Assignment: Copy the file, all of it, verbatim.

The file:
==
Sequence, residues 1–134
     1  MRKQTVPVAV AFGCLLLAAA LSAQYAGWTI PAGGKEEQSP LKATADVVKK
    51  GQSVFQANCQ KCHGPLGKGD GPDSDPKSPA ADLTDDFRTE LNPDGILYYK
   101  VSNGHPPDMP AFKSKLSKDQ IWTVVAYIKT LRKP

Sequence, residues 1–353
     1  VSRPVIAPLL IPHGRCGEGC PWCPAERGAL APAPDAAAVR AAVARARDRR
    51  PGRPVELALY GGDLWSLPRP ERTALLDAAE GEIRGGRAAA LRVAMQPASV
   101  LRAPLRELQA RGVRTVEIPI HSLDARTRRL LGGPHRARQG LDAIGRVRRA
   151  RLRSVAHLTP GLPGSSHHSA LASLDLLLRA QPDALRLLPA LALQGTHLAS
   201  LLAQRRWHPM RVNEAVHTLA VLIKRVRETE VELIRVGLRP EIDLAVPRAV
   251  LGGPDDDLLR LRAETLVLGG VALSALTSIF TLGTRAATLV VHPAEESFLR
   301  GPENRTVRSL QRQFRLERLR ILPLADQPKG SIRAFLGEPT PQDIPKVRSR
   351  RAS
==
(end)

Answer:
Sequence, residues 1–134
     1  MRKQTVPVAV AFGCLLLAAA LSAQYAGWTI PAGGKEEQSP LKATADVVKK
    51  GQSVFQANCQ KCHGPLGKGD GPDSDPKSPA ADLTDDFRTE LNPDGILYYK
   101  VSNGHPPDMP AFKSKLSKDQ IWTVVAYIKT LRKP

Sequence, residues 1–353
     1  VSRPVIAPLL IPHGRCGEGC PWCPAERGAL APAPDAAAVR AAVARARDRR
    51  PGRPVELALY GGDLWSLPRP ERTALLDAAE GEIRGGRAAA LRVAMQPASV
   101  LRAPLRELQA RGVRTVEIPI HSLDARTRRL LGGPHRARQG LDAIGRVRRA
   151  RLRSVAHLTP GLPGSSHHSA LASLDLLLRA QPDALRLLPA LALQGTHLAS
   201  LLAQRRWHPM RVNEAVHTLA VLIKRVRETE VELIRVGLRP EIDLAVPRAV
   251  LGGPDDDLLR LRAETLVLGG VALSALTSIF TLGTRAATLV VHPAEESFLR
   301  GPENRTVRSL QRQFRLERLR ILPLADQPKG SIRAFLGEPT PQDIPKVRSR
   351  RAS